When you live somewhere for an extended period of time it begins to feel like home. You are surrounded by the culture, living as they live in that country. This gives you a better understanding of how people in other countries live. Your view of the world will be changed! I have spent a lot of time reflecting on how Scotland and the United States are different; I have realized that they are not as different as I had once thought they were. Now that I have been outside of the United States I am able to actually reflect upon how we are not as important as we think that we are. I have also realized what a young country we are; last week we spent the whole week on the history of England & Scotland, and it was not until day four that we got to 1607, which is when the settlers got to Jamestown, Virginia. It really put into perspective how much we have to learn from other places.
2. Being part of the community.
When you spend several months with people you get involved in the activities that are going on, or at least you should! Community helps combat lonlieness and homesickness while you are away from home. And who does not want to make friends who are from other countries? You are able to share and learn from each other. I have loved becoming part of the community here in Airdrie, I feel like I have been here for so much longer than just two months. This feels like another home. Through worshipping together I have seen how the body of Christ is universal and brings everyone together.
3. Downtime to reflect.
A semester gives you the opportunity to take time everyday to reflect on everything that you are seeing and rest before the next adventure. Often going at a fast pace it can make it difficult to take everything in and you do not fully appreciate your travels until you are back home. While being in Scotland I have really appreciated having time to rest and reflect on everything that I am experiencing. While I was in Italy the focus was on taking everything in which did not leave much time to reflect on what I was experiencing; it was only after being home for a few weeks that I realized how much I had been able to see and experience.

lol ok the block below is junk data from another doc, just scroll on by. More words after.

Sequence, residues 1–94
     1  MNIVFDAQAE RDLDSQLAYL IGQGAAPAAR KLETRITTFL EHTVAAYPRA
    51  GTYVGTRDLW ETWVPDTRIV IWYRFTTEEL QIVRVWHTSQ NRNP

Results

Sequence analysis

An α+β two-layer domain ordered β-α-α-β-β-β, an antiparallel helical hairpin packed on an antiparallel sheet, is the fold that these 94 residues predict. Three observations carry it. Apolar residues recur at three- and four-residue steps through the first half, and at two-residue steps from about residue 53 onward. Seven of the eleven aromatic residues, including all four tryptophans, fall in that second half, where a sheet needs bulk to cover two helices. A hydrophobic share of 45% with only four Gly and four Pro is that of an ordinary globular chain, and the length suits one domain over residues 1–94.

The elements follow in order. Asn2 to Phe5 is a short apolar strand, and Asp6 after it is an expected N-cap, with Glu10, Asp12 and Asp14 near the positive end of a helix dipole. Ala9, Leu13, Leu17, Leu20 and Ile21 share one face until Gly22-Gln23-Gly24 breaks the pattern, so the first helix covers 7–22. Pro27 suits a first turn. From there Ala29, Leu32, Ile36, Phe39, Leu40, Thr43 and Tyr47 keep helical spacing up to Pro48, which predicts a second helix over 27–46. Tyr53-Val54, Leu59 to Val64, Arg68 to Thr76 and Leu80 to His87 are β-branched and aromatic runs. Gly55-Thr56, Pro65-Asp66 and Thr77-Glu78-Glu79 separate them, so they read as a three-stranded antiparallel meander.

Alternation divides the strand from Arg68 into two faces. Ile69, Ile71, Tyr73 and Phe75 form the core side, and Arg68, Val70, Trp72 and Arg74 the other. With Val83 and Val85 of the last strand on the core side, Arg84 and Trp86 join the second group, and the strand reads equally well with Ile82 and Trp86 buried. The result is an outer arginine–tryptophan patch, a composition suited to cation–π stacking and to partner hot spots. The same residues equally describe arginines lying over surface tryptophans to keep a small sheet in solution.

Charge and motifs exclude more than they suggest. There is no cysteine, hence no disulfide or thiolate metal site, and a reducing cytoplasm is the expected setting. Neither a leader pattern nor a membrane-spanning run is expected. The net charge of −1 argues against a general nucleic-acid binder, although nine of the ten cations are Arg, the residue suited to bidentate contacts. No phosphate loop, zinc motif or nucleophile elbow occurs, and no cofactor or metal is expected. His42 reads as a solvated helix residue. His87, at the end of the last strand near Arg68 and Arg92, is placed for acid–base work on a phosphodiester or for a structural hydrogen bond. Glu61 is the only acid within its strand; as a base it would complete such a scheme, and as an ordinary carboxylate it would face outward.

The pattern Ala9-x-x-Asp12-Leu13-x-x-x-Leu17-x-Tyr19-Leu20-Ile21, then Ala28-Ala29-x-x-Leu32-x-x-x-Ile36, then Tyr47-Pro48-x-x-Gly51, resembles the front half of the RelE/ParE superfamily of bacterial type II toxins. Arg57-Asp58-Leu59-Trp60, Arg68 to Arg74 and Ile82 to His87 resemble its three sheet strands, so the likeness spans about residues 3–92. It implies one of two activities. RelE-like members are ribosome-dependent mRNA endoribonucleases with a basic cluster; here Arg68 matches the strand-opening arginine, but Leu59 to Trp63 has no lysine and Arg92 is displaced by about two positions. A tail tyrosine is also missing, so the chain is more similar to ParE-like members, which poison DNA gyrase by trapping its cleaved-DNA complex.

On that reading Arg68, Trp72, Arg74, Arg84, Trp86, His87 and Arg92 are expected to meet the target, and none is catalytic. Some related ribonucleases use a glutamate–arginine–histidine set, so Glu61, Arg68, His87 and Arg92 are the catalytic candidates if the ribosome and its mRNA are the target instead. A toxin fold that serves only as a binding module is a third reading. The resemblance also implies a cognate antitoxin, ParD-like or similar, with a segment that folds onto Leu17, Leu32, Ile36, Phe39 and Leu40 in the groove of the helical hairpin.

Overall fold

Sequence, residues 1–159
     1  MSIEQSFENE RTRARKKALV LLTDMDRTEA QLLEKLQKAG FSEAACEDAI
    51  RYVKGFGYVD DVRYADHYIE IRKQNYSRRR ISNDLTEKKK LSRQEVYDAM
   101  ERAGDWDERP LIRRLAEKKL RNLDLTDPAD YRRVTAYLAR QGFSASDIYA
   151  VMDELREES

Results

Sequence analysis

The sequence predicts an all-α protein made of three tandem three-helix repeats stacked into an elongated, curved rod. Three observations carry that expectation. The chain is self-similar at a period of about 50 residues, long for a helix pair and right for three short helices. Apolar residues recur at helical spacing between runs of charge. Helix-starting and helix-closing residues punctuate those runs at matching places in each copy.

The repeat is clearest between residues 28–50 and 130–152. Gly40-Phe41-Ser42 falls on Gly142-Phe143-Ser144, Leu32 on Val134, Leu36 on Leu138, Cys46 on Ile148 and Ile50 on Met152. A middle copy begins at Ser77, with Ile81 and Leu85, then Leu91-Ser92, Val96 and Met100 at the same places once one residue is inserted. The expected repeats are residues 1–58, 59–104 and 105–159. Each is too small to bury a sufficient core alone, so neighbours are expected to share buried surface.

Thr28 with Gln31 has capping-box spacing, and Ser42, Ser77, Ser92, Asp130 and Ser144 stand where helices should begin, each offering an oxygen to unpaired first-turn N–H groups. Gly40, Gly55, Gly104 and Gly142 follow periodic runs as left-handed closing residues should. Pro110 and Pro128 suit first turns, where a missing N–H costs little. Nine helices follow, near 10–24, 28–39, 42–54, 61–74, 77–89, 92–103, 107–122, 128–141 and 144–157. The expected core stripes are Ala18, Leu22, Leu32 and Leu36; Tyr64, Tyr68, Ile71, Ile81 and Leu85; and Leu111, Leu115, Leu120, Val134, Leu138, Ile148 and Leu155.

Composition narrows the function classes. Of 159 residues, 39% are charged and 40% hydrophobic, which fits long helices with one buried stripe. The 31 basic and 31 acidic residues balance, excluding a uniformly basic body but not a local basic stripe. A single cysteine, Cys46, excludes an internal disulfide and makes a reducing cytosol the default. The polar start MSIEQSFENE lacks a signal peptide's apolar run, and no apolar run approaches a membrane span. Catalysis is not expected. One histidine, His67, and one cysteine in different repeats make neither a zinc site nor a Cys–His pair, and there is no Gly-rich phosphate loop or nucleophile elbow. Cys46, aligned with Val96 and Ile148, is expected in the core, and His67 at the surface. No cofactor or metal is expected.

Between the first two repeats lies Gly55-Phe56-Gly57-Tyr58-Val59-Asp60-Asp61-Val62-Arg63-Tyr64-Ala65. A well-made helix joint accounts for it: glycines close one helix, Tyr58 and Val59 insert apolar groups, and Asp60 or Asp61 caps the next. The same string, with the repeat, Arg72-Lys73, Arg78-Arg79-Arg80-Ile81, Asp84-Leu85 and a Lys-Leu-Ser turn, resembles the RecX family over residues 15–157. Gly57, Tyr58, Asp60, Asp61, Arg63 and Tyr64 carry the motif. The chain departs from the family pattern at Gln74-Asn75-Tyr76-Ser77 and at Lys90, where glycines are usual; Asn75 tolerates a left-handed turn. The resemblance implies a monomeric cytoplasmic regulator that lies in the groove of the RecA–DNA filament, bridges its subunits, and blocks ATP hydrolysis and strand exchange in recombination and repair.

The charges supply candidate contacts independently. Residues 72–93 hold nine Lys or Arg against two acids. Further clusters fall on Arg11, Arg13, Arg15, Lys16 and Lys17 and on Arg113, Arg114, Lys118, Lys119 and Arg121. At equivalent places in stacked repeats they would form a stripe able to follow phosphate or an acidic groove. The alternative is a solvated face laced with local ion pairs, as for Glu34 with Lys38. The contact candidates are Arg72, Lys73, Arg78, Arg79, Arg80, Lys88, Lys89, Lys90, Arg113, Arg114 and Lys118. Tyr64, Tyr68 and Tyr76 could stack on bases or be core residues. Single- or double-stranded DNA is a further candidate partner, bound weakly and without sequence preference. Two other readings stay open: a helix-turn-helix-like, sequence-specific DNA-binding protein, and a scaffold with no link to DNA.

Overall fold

4. Learning on site.
Studying in the country you are learning about means you are able to go from class to the actual places. All of it is still fresh in your mind, helping to reaffirm what you have learned. Here we are learning a lot about the history of Scotland and the Covenanters; I am not naturally inclined to absorb historical information well. However now that I have stood in the places where the battles took place, where Covenanters were imprisoned and martyred I have a much better understanding of what it would have been like for the people back then, and the history sticks with me. Learning on site makes the history come alive, and it gives you a firm context of where things took place.
5. A whole semester in another country.
When you are in a foreign country for four months, you are living in a foreign country for four months! You have the chance to travel and explore! With the wonderful transportation systems that Europe has it is so simple to catch a train, bus, or flight to another city or county. Personally I have loved how simple public transport is here in Scotland! Back home the bus system is awful, it can take 1.5 hours to get somewhere that would only take 15 minutes to drive to by car. But here in Scotland we can jump on the train and be in the middle of Glasgow in 20 minutes! We have visited Glasgow, Edinburgh, and we are going to visit York this next weekend. It has also helped me gain confidence in traveling, making plans, and using a map!
No matter what type of studying abroad you are thinking of doing, whether long or short term, I would definitely encourage anyone to go and do it if they are able. See the world, make friends, get school credit, gain life experiences, and increase maturity and self-confidence! I know that for myself I have grown so much in the past few months of traveling to Europe, and I am still here in Scotland for another two months. I cannot wait to experience more of God’s amazing world! If anyone at Geneva, or another school, wants to talk about either of these programs I would love to share my experiences with you.